• Enamel Coated Wire. Often called magnet wire, this type of wire is often hard to strip.
• Thin Wire.  Stick to solid core wire with a gauge of around 22awg for best results. Thin wire can be difficult to strip and brittle.

With decisions such as color, cost, durability, and length to consider for your breadboard wires, they aren't a one-size-fits-all option. For a student whose project may be moved around, more durable wires, such as male to male jumpers, may be needed, while for professional use, solid core wire delivers a more professional look.

• fela 2016-01-09

Well, the best is probably to use pre-cut wires for whort distances, and male-to-male wires for longer distances. It’s good to have at least these two types. Well, the price actually is not a problem, as they can be used almost forever…

• BillJames 2016-01-22

Another alternative in a pinch is to use the individual conductors from the twisted pairs in cat5 cable.  Just cut a foot or so off the cable and then pull the four 22ga twisted pair conductors out.  On a per foot basis, this is also the most cost effective (about $0.01 per foot per individual cat5 conductor vs. about$0.14 per foot for the wire shown in the article).

• Karnovski 2016-01-22

I use solid core cat5 as well. It is cheap and works very well. Just make sure to buy the solid core version, not the stranded version.

• uwezi 2016-01-24

I find the pre-cut wires from you list above the most unusable alternative and really cannot understand why anyone would use them.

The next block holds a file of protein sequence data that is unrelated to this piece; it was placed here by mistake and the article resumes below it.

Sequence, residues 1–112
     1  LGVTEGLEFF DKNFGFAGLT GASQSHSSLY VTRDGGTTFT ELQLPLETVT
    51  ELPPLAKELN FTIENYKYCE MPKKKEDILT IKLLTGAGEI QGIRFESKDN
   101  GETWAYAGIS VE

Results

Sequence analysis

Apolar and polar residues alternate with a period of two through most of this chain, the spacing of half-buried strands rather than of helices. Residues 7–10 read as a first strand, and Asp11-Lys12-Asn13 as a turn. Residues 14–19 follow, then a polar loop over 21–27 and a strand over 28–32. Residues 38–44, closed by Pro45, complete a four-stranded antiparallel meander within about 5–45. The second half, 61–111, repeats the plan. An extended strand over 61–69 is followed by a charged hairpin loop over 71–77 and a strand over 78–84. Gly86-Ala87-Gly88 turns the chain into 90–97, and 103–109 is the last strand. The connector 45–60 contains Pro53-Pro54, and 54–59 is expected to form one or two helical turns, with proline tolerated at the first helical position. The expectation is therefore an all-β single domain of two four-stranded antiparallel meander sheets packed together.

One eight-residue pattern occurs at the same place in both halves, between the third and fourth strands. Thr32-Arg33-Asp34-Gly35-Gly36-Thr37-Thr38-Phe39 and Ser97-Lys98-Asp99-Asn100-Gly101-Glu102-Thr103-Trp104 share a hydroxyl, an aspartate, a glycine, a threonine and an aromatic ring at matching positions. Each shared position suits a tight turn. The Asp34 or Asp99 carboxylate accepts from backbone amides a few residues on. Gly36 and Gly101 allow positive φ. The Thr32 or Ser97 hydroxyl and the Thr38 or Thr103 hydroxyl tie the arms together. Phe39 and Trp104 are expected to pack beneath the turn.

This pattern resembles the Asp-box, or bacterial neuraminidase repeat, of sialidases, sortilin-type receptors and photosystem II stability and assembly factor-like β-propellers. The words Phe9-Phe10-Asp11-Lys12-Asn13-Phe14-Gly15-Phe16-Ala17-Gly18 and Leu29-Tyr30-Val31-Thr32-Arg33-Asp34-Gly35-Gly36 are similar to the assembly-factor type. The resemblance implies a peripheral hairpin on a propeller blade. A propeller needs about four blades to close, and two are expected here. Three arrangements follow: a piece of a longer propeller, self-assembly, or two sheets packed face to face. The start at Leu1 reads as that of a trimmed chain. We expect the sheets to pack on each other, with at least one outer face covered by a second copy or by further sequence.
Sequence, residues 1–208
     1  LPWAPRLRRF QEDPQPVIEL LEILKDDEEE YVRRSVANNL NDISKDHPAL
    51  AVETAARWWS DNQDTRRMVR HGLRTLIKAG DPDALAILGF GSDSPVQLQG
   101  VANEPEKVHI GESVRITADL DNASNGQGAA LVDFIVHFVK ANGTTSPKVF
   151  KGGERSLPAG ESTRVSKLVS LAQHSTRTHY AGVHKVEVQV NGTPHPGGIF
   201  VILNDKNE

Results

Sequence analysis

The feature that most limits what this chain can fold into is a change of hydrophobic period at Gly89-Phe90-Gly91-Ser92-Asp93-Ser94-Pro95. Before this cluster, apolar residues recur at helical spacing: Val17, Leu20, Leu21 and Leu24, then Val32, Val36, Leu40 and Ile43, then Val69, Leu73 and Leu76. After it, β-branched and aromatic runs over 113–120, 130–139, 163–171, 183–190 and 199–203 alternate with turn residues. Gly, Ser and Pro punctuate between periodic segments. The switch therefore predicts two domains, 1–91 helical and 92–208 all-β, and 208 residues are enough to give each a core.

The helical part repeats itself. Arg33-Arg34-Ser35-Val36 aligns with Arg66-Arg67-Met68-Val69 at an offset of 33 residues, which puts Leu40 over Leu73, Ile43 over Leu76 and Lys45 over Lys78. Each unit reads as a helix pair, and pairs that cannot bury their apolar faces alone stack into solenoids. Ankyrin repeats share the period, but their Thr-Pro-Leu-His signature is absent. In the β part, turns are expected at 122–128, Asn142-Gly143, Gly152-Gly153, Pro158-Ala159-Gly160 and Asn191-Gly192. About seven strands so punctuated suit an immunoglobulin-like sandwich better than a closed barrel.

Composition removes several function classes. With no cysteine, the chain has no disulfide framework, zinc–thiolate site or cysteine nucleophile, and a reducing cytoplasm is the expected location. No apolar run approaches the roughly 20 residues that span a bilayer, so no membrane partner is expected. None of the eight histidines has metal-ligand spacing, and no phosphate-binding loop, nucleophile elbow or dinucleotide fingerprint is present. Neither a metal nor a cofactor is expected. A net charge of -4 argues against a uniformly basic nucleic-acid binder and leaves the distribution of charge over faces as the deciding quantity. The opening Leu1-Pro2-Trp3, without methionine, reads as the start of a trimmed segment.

I prefer the male-to-male jumpers, but I have experienced quite impressive differences in quality. In my last order from a Swedish reseller of these chinese mass products, the majority of the yellow wires did not conduct at all. I tried to find the cause of the problem, but both ends of the cable appeared to be perfectly terminated. And these wires also come in different quality when it comes to the acutally contact pin…

• col_panek 2016-01-28

I’ve got a piece of 50-pair telephone cable, and used it for the last 40 years or so. It’s a little thin, and not tin plated, but it strips easy, is color-coded, and cheap.

• kjmclark 2016-04-01

Male-male jumpers.  Definitely.  You can buy them in lots of different lengths, and it’s best to have a variety of both colors and lengths.  People should also be aware that there are male to male jumpers that use a kind of dupont crimped-on male (normal female-female wires, that are the female version of the male-to-male pictured, are dupont connector female-female).  Those dupont male-male jumpers are not very good.  I have a few of them, and hate them.  They always feel flimsy and loose - not quite sure why - whereas the male-male jumpers pictured above always seem reliably tight in breadboards and female headers.

BTW, the best way I’ve found to keep those male-male jumpers organized is a combination of the twist-tie shown in the picture and clear plastic bags.  I use the twist-ties to keep jumpers of the same length together, and clear ziplocs to hold a bunch of sets of jumpers.  They tend to wander badly and get lost otherwise.